By on December 28, 2015


Bridgestone will buy Pep Boys for $947 million, shunning a competing bid from investor Carl Icahn, to complete its purchase of the auto parts chain, Bloomberg reported (via Automotive News).

The bidding between Icahn and Bridgestone began in October when the auto parts chain shunned a $800 million price from Icahn to agree to an $835 million bid from the Japanese tire giant. Icahn raised his bid first to $863 million, then up to up to $1 billion for the chain, but Pep Boys ultimately decided the $947 million offer from Bridgestone was a better deal.

The last-minute bid for the chain would create the world’s largest chain of 3,000 stores, including Bridgestone’s Tires Plus, Firestone Complete Auto Care, Hibdon Tires Plus and Wheel Works stores.  Icahn, who announced that he had purchased a 12-percent stake in Pep Boys this month, said the deal constituted a good plan for investors.

“We’re happy that we have materially enhanced value for all shareholders,” Icahn told Bloomberg. “Merry Christmas to all of them.

“We cannot understand the actions of the directors in that they know we were willing to offer a lot more than $17,” he added.

Icahn sparked a bidding war for the auto parts chain — which includes 800 stores — earlier this year in an effort to consolidate the franchise with Auto Plus, a franchise he owns as well.

Bridgestone had up until Dec. 24 to counter Icahn’s bid. It’s unclear when the sale may be finalized for the chain.

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13 Comments on “Pep Boys Agrees to $947M Bid From Bridgestone...”

  • avatar
    SCE to AUX

    I still won’t go to Pep Boys.

  • avatar

    We need shed no tears for Carl Icahn, who bought 12% of the company’s shares before he started this bidding war. He’ll make money from losing this war and selling his stake to Bridgestone.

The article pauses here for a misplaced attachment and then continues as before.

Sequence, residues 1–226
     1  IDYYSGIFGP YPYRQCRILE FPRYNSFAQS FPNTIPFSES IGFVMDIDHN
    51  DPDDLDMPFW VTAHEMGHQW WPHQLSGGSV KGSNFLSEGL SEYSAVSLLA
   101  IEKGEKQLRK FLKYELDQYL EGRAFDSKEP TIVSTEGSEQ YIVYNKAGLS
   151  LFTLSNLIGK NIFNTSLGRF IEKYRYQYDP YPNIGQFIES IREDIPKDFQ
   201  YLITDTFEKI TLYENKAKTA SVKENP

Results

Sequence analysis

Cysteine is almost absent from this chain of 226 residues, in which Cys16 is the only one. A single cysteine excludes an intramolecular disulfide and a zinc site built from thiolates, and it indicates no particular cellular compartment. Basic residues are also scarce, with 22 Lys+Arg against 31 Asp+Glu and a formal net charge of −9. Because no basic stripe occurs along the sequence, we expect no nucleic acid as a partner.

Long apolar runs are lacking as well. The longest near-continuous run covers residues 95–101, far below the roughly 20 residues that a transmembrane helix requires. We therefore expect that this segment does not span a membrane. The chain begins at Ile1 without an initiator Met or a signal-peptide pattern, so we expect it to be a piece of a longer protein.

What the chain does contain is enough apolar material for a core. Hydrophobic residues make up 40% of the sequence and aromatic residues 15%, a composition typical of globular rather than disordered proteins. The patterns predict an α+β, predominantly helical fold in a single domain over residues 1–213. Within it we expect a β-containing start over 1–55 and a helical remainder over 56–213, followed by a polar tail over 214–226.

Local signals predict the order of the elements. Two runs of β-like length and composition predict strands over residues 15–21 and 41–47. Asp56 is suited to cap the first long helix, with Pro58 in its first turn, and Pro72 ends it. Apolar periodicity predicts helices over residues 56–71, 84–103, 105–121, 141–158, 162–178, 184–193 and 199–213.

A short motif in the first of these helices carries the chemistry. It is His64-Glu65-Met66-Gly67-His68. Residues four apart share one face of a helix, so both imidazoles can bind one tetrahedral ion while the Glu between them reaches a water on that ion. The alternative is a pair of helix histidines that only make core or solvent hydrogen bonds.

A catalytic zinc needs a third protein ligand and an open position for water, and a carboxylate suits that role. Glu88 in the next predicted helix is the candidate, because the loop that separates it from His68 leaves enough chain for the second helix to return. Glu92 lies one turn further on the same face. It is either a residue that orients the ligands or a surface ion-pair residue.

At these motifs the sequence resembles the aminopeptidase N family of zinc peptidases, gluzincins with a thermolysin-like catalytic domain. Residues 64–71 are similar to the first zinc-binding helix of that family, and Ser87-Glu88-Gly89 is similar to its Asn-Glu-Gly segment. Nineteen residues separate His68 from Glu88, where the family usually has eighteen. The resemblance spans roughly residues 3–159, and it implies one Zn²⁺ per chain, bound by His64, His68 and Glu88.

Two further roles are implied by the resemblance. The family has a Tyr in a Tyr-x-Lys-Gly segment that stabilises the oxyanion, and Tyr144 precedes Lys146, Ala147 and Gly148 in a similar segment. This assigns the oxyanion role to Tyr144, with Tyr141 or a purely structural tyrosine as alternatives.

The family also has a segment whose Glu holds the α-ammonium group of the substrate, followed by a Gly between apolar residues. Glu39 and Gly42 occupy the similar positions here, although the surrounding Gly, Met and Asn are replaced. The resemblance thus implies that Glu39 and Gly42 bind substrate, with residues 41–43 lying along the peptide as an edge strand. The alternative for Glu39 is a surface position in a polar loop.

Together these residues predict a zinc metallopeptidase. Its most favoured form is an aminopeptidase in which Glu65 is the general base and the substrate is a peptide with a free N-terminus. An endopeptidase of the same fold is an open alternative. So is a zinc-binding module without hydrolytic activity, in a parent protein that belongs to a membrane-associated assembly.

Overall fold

Whether or not Bridgestone will ever make money on what they had to spend to win the war remains to be seen.

    The guys who made the buy will work to ensure that Pep Boys is operationally fully integrated into their other automotive supply businesses so that this question can never be answered…

  • avatar
    Firestorm 500

    Why Bridgestone would want to drag their name through the mud by owning Pep Boys is beyond me.

  • avatar

    Takata maybe be struggling but this , Japanese original part supplier is doing very well

  • avatar

    I wonder if Icahn was just trying to Jack up the stock price with this bidding war and had no intention of actually buying the controlling stake.

  • avatar

    Pepboys is a sad, sad company, with stores stacked full of the cheapest, Chinese made crap imaginable, and clueless “technicians.”

    • 0 avatar

      Is Autozone, NAPA, Discount Auto Parts, etc, etc, any better? To me they are pretty much all the same, the difference being that PepBoys sells tires and will do most standard service type work (notice I didn’t say they would do it well). The smaller auto parts places can switch out a battery or install wiper blades, but that’s about it. They all carry plenty of junk (fake hood scoops, Hello Kitty floor mats, etc) in addition to standard OEM quality replacement parts (brakes, alternators, struts, and so on).

      My question is will they only sell Bridgestone branded tires? I swear I’ve purchased other brands from my local TiresPlus and they are Bridgestone owned.

  • avatar

    Agreed. Feels like a larger version of the Walmart automotive section without the benefit of low prices. Always my source of last resort.

  • avatar

    When I have old car with issues, I go to pepboys. Their mechanics are clueless on how to find an issue and they pass inspection. But they would call you and tell that your brakes fail the inspection. You take your micrometer and go there, show into their face that your brakes are fine.

    Now. They selling synthetic oil for something like $50 when Walmart around the cornet has same bottles for $25. do they really understand the issue- obviously – not

  • avatar

    They’ll have a full suite of crappy tire and auto parts stores now…I avoid Pep Boys, Firestone et al like the plague. Pep Boys is the lowest common denominator. Local or regional chains like Dunn Tire etc are the places to go because they have enough business and experience to have quality alignment techs, decent tire guys, etc. For tools and hardware, Pep Boys is like Harbor Freight WITHOUT the good pricing…

  • avatar

    You’ll need to update this story. Bridgestone is out, Icahn is doing the deal.

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